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We'll Always Have Paris: Sex and Love in the City of Lightby John Baxter
Chapter OneFor me, the 1920s and 1930s radiate a glamour they can only possess for someone who didn't live through them.
Shorn of grim features such as the Great Depression, the 1919 influenza epidemic, the Russian revolution and the Holocaust, Europe between the two world wars appears to blaze. Or at least it did to someone growing up in an Australian country town in the 1960s. But like the Hawaiian tsunamis that petered out on Bondi Beach as modest swells, the upheavals that revolutionized art and culture on the other side of the world were ripples by the time they reached us.
I could see the ghost of a new philosphy of design in the streamlining of our Bakelite mantel radio, and recognize Surrealism in the two-dimensional landscape and amputated torsos of a poster for brassières by Hestia (popularly thought to be an acronym for Holds Every Size Tit In Australia), but both looked ill at ease in a country that still based its architecture and its ideas on the English home counties, and where the cutting edge of automobile design was represented by the boxy, underpowered Triumph Mayflower.
Australia, I quickly decided, held nothing for me. Notwithstanding our national song, 'Advance, Australia Fair', the country seemed to be not advancing at all but devolving, the people patiently retracing their steps down the evolutionary line, heading back to the Triassic and a way of life you could depend on. In my jaded view, Australians swam like fish and thought like sheep. I wanted out.
My life entered a phase of dual existence. Sitting in the Koala Milk Bar drinking a milkshake, I could squint my eyes and transport myself in imagination to the Café Radio on Place Blanche in Montmartre where, dawdling over a corrosively black café express, I watched covertly as a succession of chain-smoking, driven-looking individuals arrived, some with female companions as taut and pale as lilies, to find seats in the huddle that radiated out from a burly man in a green tweed suit, complacently drawing on a pipe — the sage of Surrealism, André Breton, possessor of, it was said in awe, 'the most haunted mind in Europe'.
Another day, while I might be pushing my bicycle along a cracked concrete pavement under the pungent pepper trees of Junee, my world circumscribed by a horizon shimmering in 40-degree heat, in fantasy I stood rapt in the early summer of 1925 under blue skies in a light breeze on Place du Trocadéro. Below me cascaded a hillside of terraces, stylized statuary and spouting fountains, a carpet of white that leapt the Seine to join, under the feet of the Eiffel Tower, the pavilions of the Exposition des Arts Décoratifs. Some of its buildings were sharp and white as sugar cubes, others voluptuously curved, but all dazzlingly announced the arrival of a style so new it had no name. Though the Americans would christen it 'streamlining', to the rest of the world it would always be, in honour of the Exposition, art déco.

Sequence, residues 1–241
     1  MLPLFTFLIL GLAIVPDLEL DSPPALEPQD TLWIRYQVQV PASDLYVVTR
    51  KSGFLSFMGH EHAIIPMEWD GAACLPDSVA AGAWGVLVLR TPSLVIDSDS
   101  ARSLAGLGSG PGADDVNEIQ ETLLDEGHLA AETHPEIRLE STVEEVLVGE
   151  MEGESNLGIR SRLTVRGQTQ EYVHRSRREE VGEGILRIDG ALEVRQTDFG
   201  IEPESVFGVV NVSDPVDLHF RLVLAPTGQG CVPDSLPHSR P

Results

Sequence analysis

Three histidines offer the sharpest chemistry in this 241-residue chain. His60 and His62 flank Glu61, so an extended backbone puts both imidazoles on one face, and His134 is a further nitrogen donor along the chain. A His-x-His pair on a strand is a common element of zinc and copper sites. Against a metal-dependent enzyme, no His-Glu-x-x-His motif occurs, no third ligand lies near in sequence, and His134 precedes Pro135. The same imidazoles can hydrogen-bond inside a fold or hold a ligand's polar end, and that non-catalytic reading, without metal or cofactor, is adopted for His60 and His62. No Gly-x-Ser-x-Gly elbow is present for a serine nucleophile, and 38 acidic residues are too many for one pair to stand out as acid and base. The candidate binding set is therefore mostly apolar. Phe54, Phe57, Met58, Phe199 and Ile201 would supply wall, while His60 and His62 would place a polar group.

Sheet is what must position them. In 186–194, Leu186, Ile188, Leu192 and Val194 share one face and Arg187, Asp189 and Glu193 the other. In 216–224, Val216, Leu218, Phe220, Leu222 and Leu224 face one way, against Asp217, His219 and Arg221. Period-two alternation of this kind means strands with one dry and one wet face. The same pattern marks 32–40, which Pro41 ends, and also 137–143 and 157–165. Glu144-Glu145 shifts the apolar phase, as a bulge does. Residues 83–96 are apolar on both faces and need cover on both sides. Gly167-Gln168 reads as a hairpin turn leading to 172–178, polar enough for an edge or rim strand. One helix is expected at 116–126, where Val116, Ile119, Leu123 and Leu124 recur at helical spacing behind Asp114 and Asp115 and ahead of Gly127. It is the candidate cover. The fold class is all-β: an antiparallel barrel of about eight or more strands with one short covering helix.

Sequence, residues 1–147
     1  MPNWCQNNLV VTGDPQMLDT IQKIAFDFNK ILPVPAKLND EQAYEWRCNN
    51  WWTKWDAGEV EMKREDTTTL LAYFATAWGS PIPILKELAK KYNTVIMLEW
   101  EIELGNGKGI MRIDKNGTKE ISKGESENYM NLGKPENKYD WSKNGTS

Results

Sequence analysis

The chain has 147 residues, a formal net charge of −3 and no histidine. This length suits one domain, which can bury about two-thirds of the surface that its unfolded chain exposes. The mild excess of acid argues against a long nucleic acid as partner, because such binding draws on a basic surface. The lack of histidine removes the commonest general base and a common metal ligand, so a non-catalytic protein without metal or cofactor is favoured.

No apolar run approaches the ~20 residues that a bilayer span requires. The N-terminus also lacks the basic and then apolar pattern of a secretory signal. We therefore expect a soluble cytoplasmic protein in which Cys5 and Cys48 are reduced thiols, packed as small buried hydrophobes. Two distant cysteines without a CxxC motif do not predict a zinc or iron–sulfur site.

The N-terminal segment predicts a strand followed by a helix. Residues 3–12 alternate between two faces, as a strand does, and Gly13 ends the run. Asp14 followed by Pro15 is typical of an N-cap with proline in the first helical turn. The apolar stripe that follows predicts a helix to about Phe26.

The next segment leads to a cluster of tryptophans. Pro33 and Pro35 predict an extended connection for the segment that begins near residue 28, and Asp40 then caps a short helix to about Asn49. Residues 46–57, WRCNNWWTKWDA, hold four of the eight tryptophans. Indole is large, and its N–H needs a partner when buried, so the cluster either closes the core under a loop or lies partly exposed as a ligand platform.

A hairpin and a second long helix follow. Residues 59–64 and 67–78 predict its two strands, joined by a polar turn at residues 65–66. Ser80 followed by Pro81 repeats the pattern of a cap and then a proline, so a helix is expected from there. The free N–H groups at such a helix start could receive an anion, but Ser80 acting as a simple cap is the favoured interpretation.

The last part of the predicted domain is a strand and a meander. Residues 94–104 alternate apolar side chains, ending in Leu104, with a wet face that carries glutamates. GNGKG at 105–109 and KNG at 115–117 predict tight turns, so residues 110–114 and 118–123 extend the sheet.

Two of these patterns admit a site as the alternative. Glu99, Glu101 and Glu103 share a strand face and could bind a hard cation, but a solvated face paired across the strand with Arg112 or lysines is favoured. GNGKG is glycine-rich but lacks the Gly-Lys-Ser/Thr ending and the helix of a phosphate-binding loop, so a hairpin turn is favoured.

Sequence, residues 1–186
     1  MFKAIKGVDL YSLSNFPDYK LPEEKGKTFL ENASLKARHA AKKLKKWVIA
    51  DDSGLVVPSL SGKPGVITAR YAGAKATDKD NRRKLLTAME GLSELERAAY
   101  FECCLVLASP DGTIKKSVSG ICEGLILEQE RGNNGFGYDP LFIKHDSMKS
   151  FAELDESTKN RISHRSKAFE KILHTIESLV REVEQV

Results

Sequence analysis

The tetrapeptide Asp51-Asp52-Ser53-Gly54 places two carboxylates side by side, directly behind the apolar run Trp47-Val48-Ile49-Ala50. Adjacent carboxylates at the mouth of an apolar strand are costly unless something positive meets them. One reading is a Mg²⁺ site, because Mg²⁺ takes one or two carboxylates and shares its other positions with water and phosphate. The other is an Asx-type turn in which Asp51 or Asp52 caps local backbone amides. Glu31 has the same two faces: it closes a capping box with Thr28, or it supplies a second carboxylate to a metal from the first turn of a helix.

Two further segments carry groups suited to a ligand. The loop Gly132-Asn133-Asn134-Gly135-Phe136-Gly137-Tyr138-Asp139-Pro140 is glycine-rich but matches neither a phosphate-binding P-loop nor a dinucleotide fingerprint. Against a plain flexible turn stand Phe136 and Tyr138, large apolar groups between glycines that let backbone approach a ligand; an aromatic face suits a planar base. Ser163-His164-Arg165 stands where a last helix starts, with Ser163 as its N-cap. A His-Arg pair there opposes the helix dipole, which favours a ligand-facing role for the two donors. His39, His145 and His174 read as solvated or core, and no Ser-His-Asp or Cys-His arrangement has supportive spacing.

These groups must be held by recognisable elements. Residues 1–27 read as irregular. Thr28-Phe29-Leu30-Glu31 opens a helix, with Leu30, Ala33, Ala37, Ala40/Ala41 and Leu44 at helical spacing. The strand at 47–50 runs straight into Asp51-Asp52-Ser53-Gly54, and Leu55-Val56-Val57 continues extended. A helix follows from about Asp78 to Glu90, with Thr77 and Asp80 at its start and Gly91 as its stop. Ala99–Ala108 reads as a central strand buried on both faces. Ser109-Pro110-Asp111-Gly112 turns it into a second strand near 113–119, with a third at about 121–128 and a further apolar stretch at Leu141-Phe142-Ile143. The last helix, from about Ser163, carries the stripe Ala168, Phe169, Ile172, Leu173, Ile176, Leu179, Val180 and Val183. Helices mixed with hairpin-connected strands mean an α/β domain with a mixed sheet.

That I would one day live in Paris, be part of a French family at the very heart of where these great movements were born and flourished; that I would live in the building where the publication of James Joyce's Ulysses was planned, and every day climb the stairs up which Scott and Zelda Fitzgerald, Ernest Hemingway, Ezra Pound, James Joyce, Djuna Barnes, Gertrude Stein and Alice B. Toklas once panted, sprinted or lumbered; this seemed a fantasy close to insanity.
But it doesn't do to minimize the power of love.
All Paris stories are to some extent stories of love — love requited or unrequited, knowing or innocent, spiritual, intellectual, carnal, doomed. The love that brought me to Paris combined a little of them all, as a poorly written movie tries to cram in everything that might draw an audience. My story featured coincidence, the supernatural (or something very like it), Hollywood, and a long-lost love miraculously rekindled, only to be nearly snatched away . . . Cheap romantic nonsense, I would have said had I seen it on screen. But, as Noël Coward remarked in Private Lives, 'Extraordinary how potent cheap music is.'
Living in Los Angeles in 1989, on the rebound from a broken marriage, I'd become friendly with Suzy, a woman in mid-level movie management whose long-time lover, an irascible and addictive film-maker, had recently died. Though he'd treated her with casual cruelty, she felt bereft without him, particularly since she'd also lost most of her relatives to Hitler.
'If only I could be sure that we would be reunited someday,' she said tearfully, 'I think I could go on.'
As a practical woman in the movie business, Suzy put this concept into pre-production. With me as company, she began to audition systems of belief, looking for one that would guarantee reunion with her lover after death. We visited card readers and mediums, and a spiritist church in Encino, where the audience sat enthralled as an elderly lady, seated at a card table with her devoted husband holding her hand, gabbled in what we were told was the voice of the famous medium Edgar Cayce. At one point, the word 'Antichrist' surfaced from the babble. An instant later, a tiny earth tremor shook the hall. We exchanged significant glances with our neighbours. Aaah!
'Fuck this,' Suzy murmured. 'I feel like eating Mexican. How about you?'
The last candidate was a man in the remote suburb of Commerce, who needed subjects to be hypnotized as part of some ill-defined project. Suzy didn't feel like surrendering control of her mind unless somebody she trusted had done so before, so she despatched me into that wilderness of 24-hour poker clubs and used-car lots to check him out.
The foregoing is excerpted from We'll Always Have Paris by John Baxter. All rights reserved.
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